For my research on how the contextual themes concepts can result in criminal justice malfeasance I selected the case of State v. Steele, 138 Ohio St.3d 1, 2013-Ohio-2470. This case involved police officer Julian Steele of the Cincinnati, Ohio police department and his indictment on ten counts of police misconduct, including abduction, intimidation, extortion, rape, and sexual battery. Officer Steele abused his legal power to interrogate, arrest and detain a witness by knowingly filing a materially false complaint in order to influence or intimidate a witness; and abducting her minor child from school with the intent of charging the minor child with a robbery felony ” (State v. Steele, 138 Ohio St.3d 1, 2013-Ohio-2470). Due to the nature of this case and its involvement of the minor children involved, the court documents refer to the subjects by initials only.
According to the article, Lumpkin received charges for selling weapons to known criminals in the area and is currently in police custody (Heisig 1-5). The officer sold multiple rifles and a bulletproof vest to people who could potentially harm other citizens. This shows that police officers who are not
A later "rebuttal" to statements that the blade was illicit, prosecutors argued that Gray was "wrongfully arrested" well before the officers realized that he had a blade, and without "probable cause." On May 21st, 2015, a grand jury summoned the officers on the "vast majority" of the first set of allegations filed by Mosby of the particular case of the charges of "unlawful detainment and false capture" and added charges of "reckless endangerment" to every one of the officers involved. Gray 's death "resulted in series of protest." On
The main facts of the case California v. Greenwood are that in the beginning of 1984, the police of Laguna Beach, California had information that gave them reason to believe that a certain person, Billy Greenwood, was dealing drugs. A police officer named Jenny Stracner told the garbage collectors to bring the trash from Greenwood’s residence to the police station so that they could go through the garbage to find if there was evidence of drug dealing. They did. They then obtained a warrant to search the house, and found more evidence. The police then arrested Greenwood.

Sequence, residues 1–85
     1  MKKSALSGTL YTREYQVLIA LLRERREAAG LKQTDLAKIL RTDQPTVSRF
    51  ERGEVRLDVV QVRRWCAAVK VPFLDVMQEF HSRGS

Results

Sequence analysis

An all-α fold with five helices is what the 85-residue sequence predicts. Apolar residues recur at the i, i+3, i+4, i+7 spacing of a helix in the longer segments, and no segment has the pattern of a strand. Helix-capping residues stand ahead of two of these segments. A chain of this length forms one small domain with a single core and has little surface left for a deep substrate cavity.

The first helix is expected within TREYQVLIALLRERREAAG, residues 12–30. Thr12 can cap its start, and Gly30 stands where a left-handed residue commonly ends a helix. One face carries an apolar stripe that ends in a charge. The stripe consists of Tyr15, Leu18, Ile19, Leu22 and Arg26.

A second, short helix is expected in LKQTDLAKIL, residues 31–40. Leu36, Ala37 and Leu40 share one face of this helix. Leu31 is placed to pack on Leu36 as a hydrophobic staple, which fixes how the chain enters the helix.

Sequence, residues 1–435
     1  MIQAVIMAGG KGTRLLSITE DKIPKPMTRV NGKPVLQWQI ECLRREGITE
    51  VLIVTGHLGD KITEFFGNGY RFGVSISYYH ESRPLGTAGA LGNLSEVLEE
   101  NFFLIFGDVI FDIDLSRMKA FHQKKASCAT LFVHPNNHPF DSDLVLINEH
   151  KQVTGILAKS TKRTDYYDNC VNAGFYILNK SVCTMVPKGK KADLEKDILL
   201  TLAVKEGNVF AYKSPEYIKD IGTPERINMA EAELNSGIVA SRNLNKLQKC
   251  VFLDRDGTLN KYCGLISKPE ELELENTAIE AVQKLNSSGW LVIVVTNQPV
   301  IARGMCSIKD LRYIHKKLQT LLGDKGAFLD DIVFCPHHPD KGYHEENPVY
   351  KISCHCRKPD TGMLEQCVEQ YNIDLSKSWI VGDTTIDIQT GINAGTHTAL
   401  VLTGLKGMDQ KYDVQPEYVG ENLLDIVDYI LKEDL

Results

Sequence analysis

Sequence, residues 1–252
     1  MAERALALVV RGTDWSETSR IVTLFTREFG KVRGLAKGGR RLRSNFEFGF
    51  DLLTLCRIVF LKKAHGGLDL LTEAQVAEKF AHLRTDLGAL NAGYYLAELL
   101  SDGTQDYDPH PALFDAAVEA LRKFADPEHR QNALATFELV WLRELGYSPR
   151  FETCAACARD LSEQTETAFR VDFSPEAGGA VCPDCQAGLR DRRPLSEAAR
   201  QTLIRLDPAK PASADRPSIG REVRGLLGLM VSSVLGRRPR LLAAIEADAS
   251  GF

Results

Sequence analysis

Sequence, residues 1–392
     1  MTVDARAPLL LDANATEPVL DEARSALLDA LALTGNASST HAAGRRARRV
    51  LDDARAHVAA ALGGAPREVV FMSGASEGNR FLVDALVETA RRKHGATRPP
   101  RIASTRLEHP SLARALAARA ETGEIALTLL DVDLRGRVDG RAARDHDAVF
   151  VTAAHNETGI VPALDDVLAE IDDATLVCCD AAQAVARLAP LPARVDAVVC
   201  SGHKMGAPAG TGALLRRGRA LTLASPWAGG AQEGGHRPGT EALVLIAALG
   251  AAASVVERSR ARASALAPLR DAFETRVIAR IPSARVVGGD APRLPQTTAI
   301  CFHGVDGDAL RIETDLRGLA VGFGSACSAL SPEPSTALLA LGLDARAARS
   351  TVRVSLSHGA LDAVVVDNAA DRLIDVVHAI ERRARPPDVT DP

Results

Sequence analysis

In a decision made by the United States Supreme court, it was decided “that motor vehicles deserve a reduced expectation of privacy (Atkinson, 2011). This decision is in response to the Fourth Amendment to the U.S. Constitution which states that “The right of the people to be secure in their persons, houses, papers, and effects, against unreasonable searches and seizures, shall not be violated, and no Warrants shall issue, but upon probable cause, supported by Oath or affirmation, and particularly describing the place to be searched, and the persons or things to be seized.” The case of Elliot Watson delves into why no warrant was needed to search the trunk of his car. The arrest of Mr. Watson and the search of his vehicle were valid.
Per this rule, the issue is a violation of the Fourth Amendment. David Riley was driving with expired tags when he was arrested. The police impounded the car when they realized that his license was suspended. Policy states that when a car is impounded, an inventory search must be conducted. He was arrested for possession of loaded firearms.
FACTS: The defendant (Lake) encountered Clarke sitting on the beach and he demanded Clarke’s white car keys for several times. But, when Clarke refused, Lake pulled out a gun and walked Clarke out to the water. At that time, Clarke saw his friend (Croaker) and he called out to warn her. Thereafter, Lake saw her and demanded her car’s keys. When she refused, he held the gun to Croaker’s head and she gave him the keys.
McDonald v. Chicago, 561 U.S. 3025 (2010) Facts: Mr. Otis McDonald, a denizen of Chicago, wanted to get a handgun for the purpose of self-defense. McDonald had lived in that particular Chicago neighborhood for several decades, and his decision to purchase a firearm was predicated upon his increasing frustration with the rising crimes rates of that neighborhood. He had even in fact been the victim of thefts and break-ins on numerous occasions. Legally, he already owned rifles and shotguns.